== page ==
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J Thorac Cardiovasc Surg. 2001 Aug;122(2):325-30.

Pathologic N0 status in pulmonary adenocarcinoma is predictable by combining serum carcinoembryonic antigen level and computed tomographic findings.

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Division of Thoracic Oncology and the Epidemiology and Biostatistics Division, National Cancer Center Hospital East, Chiba, Japan.



It is not clear whether lymphadenectomy has therapeutic benefit in non-small cell lung cancer management. To avoid unnecessary lymphadenectomy, we attempted to identify clinical or radiologic predictors of pathologic N0 disease in patients with peripheral adenocarcinoma.


From August 1992 through April 1997, 269 consecutive patients with peripheral adenocarcinoma who underwent major lung resection and systematic lymph node dissection were enrolled in this study. We reviewed their contrast-enhancement computed tomographic scans and recorded the maximum dimension of tumors both on pulmonary (pDmax) and on mediastinal (mDmax) window setting images, the largest dimension perpendicular to the maximum axis on both pulmonary (pDperp) and mediastinal (mDperp) window setting images, and the size of all detectable hilar-mediastinal lymph nodes. We defined a new radiologic parameter, tumor shadow disappearance rate (TDR), which is calculated with the following formula: TDR = 1 - (mDmax x mDperp)/(pDmax x pDperp).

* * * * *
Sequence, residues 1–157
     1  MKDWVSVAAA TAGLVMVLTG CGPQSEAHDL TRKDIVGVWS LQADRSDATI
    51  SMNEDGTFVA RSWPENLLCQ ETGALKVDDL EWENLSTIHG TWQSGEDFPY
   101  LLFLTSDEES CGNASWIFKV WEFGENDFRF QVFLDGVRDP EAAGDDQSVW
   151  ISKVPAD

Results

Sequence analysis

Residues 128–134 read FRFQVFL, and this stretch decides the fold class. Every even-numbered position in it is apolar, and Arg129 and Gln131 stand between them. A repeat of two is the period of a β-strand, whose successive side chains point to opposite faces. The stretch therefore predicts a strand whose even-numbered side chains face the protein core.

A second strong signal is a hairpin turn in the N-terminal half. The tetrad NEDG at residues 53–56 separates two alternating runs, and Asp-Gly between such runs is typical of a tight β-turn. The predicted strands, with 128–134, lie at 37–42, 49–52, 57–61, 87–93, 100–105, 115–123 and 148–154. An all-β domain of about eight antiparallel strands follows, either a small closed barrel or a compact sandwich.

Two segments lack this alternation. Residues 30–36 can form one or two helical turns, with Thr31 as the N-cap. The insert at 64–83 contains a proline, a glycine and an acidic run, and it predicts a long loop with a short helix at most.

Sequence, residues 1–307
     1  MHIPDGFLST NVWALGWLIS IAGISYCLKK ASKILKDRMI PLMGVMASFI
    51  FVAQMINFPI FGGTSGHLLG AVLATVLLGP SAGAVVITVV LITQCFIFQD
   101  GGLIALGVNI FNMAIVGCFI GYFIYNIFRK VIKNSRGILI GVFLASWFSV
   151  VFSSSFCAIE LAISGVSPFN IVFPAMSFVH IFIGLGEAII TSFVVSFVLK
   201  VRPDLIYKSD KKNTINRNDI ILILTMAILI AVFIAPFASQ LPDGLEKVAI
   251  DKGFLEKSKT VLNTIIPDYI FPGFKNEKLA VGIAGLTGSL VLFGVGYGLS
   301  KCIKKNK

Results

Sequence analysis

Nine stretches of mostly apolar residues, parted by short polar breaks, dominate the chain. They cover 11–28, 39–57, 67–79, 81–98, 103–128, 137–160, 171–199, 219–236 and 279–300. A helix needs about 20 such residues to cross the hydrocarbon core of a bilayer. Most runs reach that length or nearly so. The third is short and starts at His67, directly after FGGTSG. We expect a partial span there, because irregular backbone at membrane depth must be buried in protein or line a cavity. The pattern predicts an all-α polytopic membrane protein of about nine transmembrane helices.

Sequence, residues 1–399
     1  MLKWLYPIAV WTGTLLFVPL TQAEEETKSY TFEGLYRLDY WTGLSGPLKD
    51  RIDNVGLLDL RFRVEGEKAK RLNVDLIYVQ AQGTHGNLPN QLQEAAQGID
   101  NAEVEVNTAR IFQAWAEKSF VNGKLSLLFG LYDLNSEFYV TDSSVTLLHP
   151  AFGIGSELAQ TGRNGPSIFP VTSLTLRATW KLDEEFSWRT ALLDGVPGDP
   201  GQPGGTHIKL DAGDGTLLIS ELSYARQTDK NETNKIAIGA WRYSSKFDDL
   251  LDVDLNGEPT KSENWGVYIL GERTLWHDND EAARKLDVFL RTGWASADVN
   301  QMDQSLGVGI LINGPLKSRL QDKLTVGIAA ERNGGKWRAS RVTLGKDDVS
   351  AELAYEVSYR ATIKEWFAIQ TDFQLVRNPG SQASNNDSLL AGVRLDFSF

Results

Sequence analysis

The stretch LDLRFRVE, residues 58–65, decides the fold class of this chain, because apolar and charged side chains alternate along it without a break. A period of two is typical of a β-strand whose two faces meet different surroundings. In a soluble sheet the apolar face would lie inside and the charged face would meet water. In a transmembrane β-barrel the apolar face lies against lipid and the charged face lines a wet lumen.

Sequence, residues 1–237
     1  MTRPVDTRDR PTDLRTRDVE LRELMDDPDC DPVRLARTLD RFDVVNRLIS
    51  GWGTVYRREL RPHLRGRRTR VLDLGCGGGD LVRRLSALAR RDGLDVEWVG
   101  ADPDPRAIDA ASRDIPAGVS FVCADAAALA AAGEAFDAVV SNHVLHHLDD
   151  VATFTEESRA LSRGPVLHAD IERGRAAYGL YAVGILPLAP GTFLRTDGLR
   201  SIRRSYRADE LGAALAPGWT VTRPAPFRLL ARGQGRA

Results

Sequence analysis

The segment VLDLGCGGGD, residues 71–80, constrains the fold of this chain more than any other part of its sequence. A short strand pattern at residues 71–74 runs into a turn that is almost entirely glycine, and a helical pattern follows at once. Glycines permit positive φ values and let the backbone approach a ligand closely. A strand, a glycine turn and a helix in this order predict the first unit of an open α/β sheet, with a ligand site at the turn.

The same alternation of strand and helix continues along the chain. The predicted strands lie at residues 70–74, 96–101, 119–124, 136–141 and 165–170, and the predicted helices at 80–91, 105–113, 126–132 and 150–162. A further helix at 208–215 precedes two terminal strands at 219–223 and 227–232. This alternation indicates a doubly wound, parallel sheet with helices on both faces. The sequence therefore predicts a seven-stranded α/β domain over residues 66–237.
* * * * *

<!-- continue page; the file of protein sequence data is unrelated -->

In multivariable analysis a lower serum carcinoembryonic antigen level and a higher tumor shadow disappearance rate were significant predictors of pathologic N0 disease. Lymph node size on computed tomographic scanning was not a significant predictor. Among 59 patients with a normal preoperative carcinoembryonic antigen level and a tumor shadow disappearance rate of 0.8 or more, 58 (98%) patients had pathologic N0 disease, and the other patient had pathologic N1 disease.


Mediastinal lymph node involvement was not found in patients with a normal preoperative serum carcinoembryonic antigen level and a tumor shadow disappearance rate 0.8 or more. The patients who meet these criteria may be successfully managed with major lung resection without systematic mediastinal lymphadenectomy.

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